Yale’s Chief Investor Says HMC Overpays

Yale Chief Investment Officer David Swensen, whose fund has outperformed Harvard’s over the past two decades, said in a speech last month that Harvard overpays its endowment managers—providing ammunition for alumni who have assailed the University’s salary structure.

“I have long said that the structure of Harvard Management is inherently unstable,” Swensen said during a question-and-answer session after he spoke to the National Association of College and University Business Officers’ Endowment Management Forum in New York on Jan. 27, according to Institutional Investor magazine. “You can’t pay managers astronomical amounts of money because it tears at the fabric of [the university],” he said, according to the magazine.

Swensen, who reportedly earned $1.15 million in 2004, has steered the Yale endowment to a 16.1 percent annual return over the last 20 years, beating Harvard’s 14.9 percent.

Both universities have earned impressive endowment returns despite their different structures. Yale relies on external management of its endowment, while Harvard has a balance of in-house and external management.

But the departure of several top managers from Harvard Management Company (HMC) over the past year has raised new questions about the University’s use of in-house investment professionals.

Former HMC bond manager David R. Mittleman earned $18 million in the fiscal year that ended in June, while his colleague Maurice Samuels earned $16.9 million that year. Both men, along with former HMC President Jack R. Meyer, have since left Harvard to form Convexity Capital Management, a firm which recently set an all-time record for start-up hedge funds by raising $6 billion.

Harvard has pledged to invest an additional $500 million in Convexity.

But even with Harvard’s highest-paid managers now gone, disaffection lingers among alumni who believe that HMC salaries are too high.

“What Harvard pays fund managers is unnecessary, inappropriate, and contrary to the values of a great university,” said author and playwright William A. Strauss ’69, an outspoken critic of the HMC compensation structure. “The amount they are paying these individuals is enough that you could take some of that money and have a tuition freeze, to substantially reduce the debt burden on students from middle and working class families.”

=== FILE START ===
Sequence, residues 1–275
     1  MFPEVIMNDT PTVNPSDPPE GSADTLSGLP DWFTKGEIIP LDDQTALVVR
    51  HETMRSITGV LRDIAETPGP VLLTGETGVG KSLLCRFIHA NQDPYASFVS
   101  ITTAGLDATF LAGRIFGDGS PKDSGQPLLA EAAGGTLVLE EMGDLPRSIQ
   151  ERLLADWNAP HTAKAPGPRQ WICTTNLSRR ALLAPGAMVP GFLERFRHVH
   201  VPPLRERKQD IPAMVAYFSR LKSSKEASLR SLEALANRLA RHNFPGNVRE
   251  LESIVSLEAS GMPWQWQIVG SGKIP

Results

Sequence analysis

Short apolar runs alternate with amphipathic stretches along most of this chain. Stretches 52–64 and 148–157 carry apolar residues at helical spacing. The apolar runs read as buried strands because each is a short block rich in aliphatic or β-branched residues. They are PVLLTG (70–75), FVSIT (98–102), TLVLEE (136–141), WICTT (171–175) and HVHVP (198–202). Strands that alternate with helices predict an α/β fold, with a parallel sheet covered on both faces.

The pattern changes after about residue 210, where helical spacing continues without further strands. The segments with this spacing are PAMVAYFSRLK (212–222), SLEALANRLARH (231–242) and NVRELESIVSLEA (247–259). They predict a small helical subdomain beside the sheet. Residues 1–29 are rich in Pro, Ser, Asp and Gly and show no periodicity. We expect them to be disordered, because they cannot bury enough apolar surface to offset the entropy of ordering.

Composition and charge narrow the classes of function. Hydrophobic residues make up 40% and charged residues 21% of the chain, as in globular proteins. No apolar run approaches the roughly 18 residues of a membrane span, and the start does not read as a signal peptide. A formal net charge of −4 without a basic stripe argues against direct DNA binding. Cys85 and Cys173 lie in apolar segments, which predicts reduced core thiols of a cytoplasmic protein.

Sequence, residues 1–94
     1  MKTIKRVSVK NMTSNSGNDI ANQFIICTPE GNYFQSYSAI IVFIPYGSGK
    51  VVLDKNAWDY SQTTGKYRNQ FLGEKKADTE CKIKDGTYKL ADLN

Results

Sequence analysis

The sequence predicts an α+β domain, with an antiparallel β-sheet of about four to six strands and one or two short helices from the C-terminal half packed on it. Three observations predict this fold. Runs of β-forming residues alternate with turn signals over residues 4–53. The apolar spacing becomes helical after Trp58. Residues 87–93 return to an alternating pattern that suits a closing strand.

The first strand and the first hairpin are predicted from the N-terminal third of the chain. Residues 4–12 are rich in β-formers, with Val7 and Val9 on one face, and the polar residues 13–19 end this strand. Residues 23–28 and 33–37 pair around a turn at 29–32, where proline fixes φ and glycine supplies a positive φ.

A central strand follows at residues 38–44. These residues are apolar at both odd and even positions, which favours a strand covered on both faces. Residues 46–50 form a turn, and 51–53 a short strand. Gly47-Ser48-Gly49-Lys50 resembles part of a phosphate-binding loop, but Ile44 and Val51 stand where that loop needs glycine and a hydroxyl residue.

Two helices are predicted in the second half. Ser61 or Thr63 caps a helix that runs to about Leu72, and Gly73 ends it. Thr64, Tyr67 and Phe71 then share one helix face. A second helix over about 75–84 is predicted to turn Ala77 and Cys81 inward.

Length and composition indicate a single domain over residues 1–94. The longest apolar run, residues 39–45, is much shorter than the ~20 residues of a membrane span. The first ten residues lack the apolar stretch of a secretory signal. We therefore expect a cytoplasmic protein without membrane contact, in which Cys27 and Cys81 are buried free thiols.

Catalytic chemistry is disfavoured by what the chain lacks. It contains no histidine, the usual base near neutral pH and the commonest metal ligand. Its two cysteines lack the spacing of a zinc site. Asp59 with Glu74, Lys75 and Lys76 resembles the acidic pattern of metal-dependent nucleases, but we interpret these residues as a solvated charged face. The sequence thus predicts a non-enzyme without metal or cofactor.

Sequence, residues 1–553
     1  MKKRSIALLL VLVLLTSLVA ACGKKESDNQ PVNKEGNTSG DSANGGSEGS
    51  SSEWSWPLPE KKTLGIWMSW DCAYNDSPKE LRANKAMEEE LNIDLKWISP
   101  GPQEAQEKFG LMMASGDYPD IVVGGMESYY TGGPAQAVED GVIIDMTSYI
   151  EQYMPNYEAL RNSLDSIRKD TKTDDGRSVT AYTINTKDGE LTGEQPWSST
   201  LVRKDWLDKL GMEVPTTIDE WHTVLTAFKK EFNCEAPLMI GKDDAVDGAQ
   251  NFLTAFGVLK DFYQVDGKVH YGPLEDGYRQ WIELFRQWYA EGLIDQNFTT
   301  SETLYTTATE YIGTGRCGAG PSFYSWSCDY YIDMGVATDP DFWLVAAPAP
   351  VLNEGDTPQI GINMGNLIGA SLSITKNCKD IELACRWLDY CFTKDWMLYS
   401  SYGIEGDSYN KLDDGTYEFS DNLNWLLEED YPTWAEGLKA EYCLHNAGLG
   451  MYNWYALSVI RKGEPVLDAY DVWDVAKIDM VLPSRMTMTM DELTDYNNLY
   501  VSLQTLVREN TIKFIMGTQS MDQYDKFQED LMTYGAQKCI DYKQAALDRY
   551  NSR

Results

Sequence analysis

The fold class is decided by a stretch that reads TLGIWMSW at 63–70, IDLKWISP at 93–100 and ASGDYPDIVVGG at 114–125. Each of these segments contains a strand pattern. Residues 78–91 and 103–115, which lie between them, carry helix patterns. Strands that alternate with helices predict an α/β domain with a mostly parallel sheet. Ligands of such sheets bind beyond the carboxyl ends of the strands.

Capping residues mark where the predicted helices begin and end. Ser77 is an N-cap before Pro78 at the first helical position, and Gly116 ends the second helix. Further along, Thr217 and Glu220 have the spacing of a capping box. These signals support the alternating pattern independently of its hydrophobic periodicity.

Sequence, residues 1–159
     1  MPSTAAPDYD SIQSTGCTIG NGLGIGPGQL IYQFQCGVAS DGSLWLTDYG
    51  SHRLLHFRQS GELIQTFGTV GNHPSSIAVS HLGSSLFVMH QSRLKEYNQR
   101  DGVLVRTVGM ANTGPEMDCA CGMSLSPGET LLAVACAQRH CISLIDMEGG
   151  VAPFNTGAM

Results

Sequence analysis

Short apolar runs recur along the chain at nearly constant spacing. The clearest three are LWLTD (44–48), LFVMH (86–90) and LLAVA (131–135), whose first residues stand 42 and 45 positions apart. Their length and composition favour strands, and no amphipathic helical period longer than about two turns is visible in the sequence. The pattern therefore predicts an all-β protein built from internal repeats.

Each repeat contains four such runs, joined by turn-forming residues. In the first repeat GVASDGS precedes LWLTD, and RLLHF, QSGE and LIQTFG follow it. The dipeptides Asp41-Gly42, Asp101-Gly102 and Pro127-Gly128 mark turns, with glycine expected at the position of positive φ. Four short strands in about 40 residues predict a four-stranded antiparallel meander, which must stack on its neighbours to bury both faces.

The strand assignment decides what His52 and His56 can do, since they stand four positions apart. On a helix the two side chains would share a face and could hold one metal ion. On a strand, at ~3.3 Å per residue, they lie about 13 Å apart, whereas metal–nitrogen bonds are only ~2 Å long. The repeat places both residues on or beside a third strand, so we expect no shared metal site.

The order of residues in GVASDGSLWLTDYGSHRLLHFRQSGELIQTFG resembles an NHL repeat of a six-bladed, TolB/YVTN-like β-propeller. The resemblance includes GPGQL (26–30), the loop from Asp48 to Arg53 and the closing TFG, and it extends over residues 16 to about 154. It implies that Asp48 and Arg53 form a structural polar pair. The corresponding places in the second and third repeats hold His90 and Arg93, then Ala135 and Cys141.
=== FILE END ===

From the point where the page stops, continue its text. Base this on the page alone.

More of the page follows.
In the face of criticism from Swensen and Strauss, Harvard defended its high payouts.

“Harvard’s faculties and students have benefited significantly from the outstanding returns,” wrote Harvard spokesman John D. Longbrake in an e-mail.

“The University is committed to pursuing the right mix of internal and external investing and we will continue to avail ourselves of the best talent in the investment marketplace,” he added.

“Over the past 15 years, HMC has delivered superior investment returns after all fees and expenses paid to our internal and external managers,” wrote Longbrake.

But Swensen’s Yale fund has outperformed HMC by 0.5 percentage points per year since 1990, according to Bloomberg News.

Strauss said he agreed with Swensen’s view that Harvard’s in-house structure is a problem, and suggested that Harvard would have no trouble finding qualified people, especially alumni, who would manage the endowment for a fraction of the multi-million dollar salaries HMC managers have earned.

Swensen, who earned bachelor’s degrees from the University of Wisconsin at River Falls, completed graduate studies at Yale, where he recieved a Ph.D in economics in 1980.

According to the Yale Daily News, he broke a self-imposed media silence last fall in concurrence with the launch of his new book “Unconventional Success: A Fundamental Approach to Personal Investment.”

Swensen did not respond to phone calls seeking comment.

—Staff writer Cyrus M. Mossavar-Rahmani can be reached at crahmani@fas.harvard.edu.

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